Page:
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HMSA Member News > Member NewsWinter 2009 IS Magazine

Cancer Clinical Trials

Helping to advance cancer care.

By Myra Williams, Vice President, Health Services Division, HMSA

In Egypt around 1600 B.C., descriptions of eight tumors or ulcers of the breast were inscribed on papyrus. The descriptions included how the tumors were treated using a tool called “the fire drill.” This is the oldest known mention of cancer ever found.

Today, people with cancer can benefit from surgery, radiation and chemotherapy. These methods, unlike the fire drill, can often result in the successful treatment of cancer. But there is still a lot to improve on and discover about cancer prevention, diagnosis and treatment. It’s a task that medical researchers cannot do alone.

Cancer clinical trials are research studies where ordinary people can help doctors find ways to improve the quality of cancer care. These trials are available in Hawai‘i through the Cancer Research Center of Hawai‘i (CRCH), a research unit of the University of Hawai‘i at Manoa.

When you participate in a cancer clinical trial, you choose to take a more active role in your own health care, gain access to new research and treatments before they become widely available, and help society in its long-range mission to eradicate cancer.

Some patients with cancer will initially have reservations about participating in a clinical trial. That’s why it’s important to ask questions. Jonathan Cho, M.D., principal investigator of the Minority-Based Community Clinical Oncology Program at CRCH, sometimes has several discussions with a patient to explain what might be involved.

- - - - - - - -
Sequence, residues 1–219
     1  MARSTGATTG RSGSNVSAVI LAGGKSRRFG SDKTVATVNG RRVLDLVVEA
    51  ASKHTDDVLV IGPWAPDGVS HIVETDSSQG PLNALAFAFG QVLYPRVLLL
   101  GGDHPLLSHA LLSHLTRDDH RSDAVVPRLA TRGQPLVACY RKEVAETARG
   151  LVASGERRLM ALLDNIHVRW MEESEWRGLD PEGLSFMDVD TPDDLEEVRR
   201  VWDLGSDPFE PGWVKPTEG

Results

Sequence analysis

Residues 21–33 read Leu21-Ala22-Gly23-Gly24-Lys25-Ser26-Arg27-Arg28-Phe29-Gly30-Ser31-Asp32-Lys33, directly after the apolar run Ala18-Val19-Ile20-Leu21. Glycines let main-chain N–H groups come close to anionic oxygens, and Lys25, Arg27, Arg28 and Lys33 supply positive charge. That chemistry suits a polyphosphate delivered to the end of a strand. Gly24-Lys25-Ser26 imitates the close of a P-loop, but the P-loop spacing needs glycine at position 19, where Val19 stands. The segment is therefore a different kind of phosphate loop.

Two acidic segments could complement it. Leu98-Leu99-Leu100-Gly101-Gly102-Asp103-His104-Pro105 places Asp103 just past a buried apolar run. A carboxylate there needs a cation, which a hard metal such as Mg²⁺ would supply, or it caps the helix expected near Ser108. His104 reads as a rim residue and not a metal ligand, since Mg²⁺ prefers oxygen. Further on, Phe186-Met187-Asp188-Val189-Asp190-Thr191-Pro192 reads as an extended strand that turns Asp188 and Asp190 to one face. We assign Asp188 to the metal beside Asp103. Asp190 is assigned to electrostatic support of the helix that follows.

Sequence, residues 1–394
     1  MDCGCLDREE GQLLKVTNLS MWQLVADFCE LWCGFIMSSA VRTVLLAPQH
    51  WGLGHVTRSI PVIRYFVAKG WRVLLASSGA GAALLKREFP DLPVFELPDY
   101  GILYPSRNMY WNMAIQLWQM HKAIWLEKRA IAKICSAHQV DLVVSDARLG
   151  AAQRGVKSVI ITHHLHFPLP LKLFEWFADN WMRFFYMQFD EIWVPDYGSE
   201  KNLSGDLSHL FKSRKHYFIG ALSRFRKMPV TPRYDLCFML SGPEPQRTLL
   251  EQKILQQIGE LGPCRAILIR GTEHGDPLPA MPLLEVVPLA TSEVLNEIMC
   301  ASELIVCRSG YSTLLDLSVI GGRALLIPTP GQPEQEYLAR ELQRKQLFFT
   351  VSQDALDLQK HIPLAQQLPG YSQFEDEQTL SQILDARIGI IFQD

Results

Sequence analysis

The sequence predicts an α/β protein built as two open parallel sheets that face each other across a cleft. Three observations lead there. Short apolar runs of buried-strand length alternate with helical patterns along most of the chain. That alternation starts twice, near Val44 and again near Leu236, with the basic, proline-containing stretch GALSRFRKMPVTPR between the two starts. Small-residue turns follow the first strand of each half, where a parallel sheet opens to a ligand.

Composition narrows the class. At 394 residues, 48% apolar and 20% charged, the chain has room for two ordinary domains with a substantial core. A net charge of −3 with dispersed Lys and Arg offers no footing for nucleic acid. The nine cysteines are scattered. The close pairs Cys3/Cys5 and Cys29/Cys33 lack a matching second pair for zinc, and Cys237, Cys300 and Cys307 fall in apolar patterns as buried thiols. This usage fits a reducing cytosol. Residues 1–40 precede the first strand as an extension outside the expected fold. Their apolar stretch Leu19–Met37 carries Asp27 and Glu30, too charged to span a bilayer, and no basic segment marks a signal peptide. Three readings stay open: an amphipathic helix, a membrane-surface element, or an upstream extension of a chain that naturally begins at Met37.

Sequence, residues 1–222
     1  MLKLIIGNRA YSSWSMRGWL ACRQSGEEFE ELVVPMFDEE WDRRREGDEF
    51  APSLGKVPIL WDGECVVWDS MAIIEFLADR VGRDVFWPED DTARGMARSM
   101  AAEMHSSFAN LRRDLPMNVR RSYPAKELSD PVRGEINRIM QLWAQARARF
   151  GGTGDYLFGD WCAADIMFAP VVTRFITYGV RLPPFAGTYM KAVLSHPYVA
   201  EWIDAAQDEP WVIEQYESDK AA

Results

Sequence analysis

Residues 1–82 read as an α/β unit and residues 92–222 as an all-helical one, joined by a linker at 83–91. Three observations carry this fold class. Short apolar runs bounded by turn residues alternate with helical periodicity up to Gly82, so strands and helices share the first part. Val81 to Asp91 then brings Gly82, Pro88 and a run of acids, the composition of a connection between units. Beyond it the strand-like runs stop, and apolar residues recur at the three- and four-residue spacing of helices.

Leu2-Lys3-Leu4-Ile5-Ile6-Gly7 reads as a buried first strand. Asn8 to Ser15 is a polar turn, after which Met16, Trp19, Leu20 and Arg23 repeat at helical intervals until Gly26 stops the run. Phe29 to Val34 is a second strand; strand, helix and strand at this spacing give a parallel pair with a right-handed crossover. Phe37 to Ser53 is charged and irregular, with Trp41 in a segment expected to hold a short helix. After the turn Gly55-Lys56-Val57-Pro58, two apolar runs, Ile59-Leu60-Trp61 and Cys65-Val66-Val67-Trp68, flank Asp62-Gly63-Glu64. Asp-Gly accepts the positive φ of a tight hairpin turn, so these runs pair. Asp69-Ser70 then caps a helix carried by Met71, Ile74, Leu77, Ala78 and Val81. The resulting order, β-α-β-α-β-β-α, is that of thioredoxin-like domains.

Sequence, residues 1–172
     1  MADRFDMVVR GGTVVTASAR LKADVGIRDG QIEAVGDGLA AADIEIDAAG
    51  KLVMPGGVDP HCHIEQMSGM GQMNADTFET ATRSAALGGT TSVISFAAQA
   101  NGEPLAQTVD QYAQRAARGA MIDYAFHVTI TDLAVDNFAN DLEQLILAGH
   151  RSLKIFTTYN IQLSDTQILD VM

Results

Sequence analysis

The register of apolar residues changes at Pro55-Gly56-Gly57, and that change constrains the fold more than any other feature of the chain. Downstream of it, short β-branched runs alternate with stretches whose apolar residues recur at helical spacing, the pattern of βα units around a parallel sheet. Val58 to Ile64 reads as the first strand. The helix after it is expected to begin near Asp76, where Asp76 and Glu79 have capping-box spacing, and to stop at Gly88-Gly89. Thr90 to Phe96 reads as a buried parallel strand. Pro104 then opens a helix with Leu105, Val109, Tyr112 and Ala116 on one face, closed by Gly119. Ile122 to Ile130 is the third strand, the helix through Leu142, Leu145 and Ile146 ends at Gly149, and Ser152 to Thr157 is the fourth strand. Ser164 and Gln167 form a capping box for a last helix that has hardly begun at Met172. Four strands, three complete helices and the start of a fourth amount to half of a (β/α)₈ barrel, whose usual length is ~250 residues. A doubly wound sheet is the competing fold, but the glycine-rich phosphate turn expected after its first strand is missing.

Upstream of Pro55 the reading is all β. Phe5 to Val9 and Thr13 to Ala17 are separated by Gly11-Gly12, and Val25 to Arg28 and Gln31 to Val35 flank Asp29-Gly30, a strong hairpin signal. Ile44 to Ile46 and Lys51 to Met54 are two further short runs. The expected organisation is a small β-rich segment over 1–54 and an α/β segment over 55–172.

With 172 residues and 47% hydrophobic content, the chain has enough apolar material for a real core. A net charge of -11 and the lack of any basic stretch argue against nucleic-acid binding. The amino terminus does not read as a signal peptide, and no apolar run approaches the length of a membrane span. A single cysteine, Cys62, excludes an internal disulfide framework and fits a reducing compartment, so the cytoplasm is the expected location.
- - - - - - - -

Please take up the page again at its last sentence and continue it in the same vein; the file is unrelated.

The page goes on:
When Leimomi Golis was diagnosed with non-Hodgkin’s lymphoma, a form of cancer, she was given the option of participating in a cancer clinical trial. She went home and searched online for more information. “I thought, it wouldn’t hurt to try it, and if it works – great,” says Golis. “Besides, if someone doesn’t participate, you wouldn’t know if this alternative treatment can be successful. They need patients who are willing to take part.”

Once you agree to participate in a cancer clinical trial, certain procedures and strict scientific and ethical guidelines are established to protect participants. They must go through a process called informed consent, where details on the purpose of the study, procedures involved, and possible risks and benefits are stated. Participants are then asked to sign a form acknowledging their understanding of the information. They can leave the study at any time.

Throughout the trial, participants are monitored closely. “In clinical trials, we have protocol that has to be followed in terms of testing, dose modification, and change of treatment. And all of our charts are accessible for audit,” says Cho.

All federally funded trials or trials that evaluate a new drug or medical device are subject to the approval of the Food and Drug Administration and an Institutional Review Board (IRB). They ensure that the study is conducted fairly and that participants are not likely to be harmed. The IRB can stop a clinical trial if the researcher is not following protocol or if the trial appears to unexpectedly harm participants.

Each study follows different guidelines and eligibility criteria, and there are many types of cancer clinical trials. If you are diagnosed with cancer or to find out more about clinical trials, call the National Cancer Institute at 1 (800) 422-6237.

Join the movement to help find ways to battle cancer. We’ve come a long way, but cancer remains a serious health threat.

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